Dartoids World

Column #24 Horley, Surrey, United Kingdom

October 1, 1996
Column 24
Horley, Surrey, United Kingdom

If ever you fly into England and realize you really don’t want to be there (this is something that happens to me literally every time I land) try stopping in at the Brighton Bell Bar. It’s off the lobby of the Ramada Hotel (Povey Cross Road) in Horley just a five minute drive from Gatwick Airport. The setup here is absolutely tremendous — whatever your interest, as long as indulging in the history and formality of a nation that long ago saw its better days isn’t on your list.

The Brighton Bell (named after the famous pullman train) is a downright great place to spend some time. I’ve just spent the better part of three nights here — enticed back time and again by the dart board in the far back corner and the nightly “beer for a quid” Happy Hour from 6 PM to 7 PM. At the current exchange this equates to about US$1.50 a pint. If there’s a better deal in the whole of what once was the British Empire I’ve yet to find it.

Situated as it is — almost on top of the arrival and departure of hundreds of flights a day — it’s only natural that the pulse of the Brighton Bell is thoroughly international. But for the accent of the staff one would be hard pressed to know exactly where in the world they were. Bright flags of various countries flutter from the ceiling. The televisions are tuned to CNN. Even the pool table is a pool table — in most British pubs of any size it’s a snooker table that dominates the room.

There’s just one dart board, brand new, hung against a huge floor-to-ceiling backboard and lit brightly by a spotlight from the ceiling. The oche’s raised brass. There’s a chalkboard built into the wall on the left but, as usual, no chalk — we made due with the little blue cubes from the pool table.

I found myself with an extraordinarily mixed group of people here. Masha from Russia. Jetty from Holland. Chantal from France. Sally from Australia. Jill from Hong Kong. Others from Germany, Italy, South Africa and the Philippines. The Brighton Bell is truely an international venue. The problem is — nobody I was with cared a toss for darts.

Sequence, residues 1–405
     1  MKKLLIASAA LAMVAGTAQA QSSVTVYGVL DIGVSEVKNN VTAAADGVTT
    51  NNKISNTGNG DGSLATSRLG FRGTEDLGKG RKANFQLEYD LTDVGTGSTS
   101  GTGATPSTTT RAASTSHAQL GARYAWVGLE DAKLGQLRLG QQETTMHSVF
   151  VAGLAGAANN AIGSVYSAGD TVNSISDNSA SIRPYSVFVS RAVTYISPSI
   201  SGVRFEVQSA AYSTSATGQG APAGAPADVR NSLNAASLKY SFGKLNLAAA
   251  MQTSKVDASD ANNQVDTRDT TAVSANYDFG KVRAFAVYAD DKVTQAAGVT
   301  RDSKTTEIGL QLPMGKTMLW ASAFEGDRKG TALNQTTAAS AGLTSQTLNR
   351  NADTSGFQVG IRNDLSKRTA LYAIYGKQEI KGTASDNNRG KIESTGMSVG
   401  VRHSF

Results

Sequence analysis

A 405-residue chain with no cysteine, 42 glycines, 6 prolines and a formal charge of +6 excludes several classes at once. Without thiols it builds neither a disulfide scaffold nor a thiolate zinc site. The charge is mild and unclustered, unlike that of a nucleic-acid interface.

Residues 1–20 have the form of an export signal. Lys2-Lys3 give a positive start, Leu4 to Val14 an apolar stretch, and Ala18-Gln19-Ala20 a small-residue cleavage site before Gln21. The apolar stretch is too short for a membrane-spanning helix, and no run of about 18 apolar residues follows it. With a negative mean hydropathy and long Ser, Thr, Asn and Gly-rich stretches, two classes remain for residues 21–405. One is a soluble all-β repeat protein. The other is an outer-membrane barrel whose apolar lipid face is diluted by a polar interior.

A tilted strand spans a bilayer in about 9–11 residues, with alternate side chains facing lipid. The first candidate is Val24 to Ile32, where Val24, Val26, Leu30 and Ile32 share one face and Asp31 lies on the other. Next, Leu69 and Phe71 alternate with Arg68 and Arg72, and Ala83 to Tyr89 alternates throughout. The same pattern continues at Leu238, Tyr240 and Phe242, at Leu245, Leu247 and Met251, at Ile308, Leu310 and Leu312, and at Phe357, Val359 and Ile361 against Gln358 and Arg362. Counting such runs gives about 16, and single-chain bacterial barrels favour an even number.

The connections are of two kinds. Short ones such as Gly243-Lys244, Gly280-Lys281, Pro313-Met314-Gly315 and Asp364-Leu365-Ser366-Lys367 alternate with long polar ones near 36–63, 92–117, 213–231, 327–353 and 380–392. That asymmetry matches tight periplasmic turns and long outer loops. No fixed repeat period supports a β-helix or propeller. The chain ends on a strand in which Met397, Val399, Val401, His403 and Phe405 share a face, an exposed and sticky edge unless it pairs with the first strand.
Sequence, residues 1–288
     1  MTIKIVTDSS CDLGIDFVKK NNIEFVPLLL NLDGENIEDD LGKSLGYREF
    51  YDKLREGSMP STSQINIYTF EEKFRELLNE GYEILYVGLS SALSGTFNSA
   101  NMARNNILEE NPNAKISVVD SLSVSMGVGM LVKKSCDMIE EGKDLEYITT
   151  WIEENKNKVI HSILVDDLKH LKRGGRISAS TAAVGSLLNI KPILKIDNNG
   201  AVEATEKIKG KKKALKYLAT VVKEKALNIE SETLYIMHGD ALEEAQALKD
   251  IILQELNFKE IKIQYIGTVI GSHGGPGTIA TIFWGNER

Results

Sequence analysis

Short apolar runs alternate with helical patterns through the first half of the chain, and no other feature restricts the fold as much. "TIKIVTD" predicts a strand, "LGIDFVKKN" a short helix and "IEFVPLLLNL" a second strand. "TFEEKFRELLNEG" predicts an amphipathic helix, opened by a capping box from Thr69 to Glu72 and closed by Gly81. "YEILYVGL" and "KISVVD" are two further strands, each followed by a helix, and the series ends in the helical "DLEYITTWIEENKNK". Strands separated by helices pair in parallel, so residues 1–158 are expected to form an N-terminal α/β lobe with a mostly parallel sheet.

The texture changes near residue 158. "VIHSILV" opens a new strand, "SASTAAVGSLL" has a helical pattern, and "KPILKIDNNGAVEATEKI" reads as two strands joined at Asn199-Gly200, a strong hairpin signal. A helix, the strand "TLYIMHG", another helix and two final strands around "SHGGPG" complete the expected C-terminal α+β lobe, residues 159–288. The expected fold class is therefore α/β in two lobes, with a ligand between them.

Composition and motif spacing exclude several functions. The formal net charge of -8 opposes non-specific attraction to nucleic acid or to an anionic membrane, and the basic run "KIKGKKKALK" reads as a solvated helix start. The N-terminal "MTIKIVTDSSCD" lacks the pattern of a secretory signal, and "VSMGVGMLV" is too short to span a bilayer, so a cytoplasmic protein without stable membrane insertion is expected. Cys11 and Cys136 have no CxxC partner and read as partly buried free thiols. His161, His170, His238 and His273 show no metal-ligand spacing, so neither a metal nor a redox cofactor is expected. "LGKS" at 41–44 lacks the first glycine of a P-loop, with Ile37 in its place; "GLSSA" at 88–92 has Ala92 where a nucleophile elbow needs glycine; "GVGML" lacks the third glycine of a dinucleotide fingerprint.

Except for Tommy. Tommy “the King” (at least this is what he claims the women call him) Molina. An old friend from back home on Cape Cod. Tommy wanted a game.

The darn thing is, and I’ve always felt miserable about this, Tommy has no hands. Lost them in some sort of accident with a tractor as a kid. Okay, that’s a lie…

But it’s not like it matters. The truth is Tommy does have hands but for some reason when he handles darts with them the darts tend to do strange and mysterious things. For example, I’ve watched Tommy throw for twenty minutes to take out the double one. Another time (and I swear this is true) I actually watched Tommy put one of his darts through the arm of the chalker’s sweatshirt!

It goes without saying that darts with Tommy at the Brighton Bell lacked the usual challenge. I’d hit a ton. Tommy’d hit a one. We’d order a beer. I’d hit another ton. Tommy’d hit the backboard. We’d order another beer. I’d hit a ton. Tommy’d hit the wall. And so it went. The outcome was never much in doubt.

The only open issue — saftey — was one the management itself, in inimitable British fashion, closed quicker than a double top checkout after one of Tommy’s darts bounced off a wire and onto a patron’s plate.

So much for my visit to the Brighton Bell Bar!

From the Field,



  • Dartoid

    "Dartoid" is the pseudonym of Paul Seigel, a prominent chronicler of darts for over 35 years. His columns are celebrated for their wit and insight, often detailing his quest for a game in exotic locales worldwide. His writing offers vibrant commentary on the competitive darts landscape, including players, organizations, tournaments and the sport's unique culture. Dartoid's articles are highly regarded among darts enthusiasts, solidifying his role as a pivotal figure in promoting and documenting darts as both a recreational pastime and professional sport.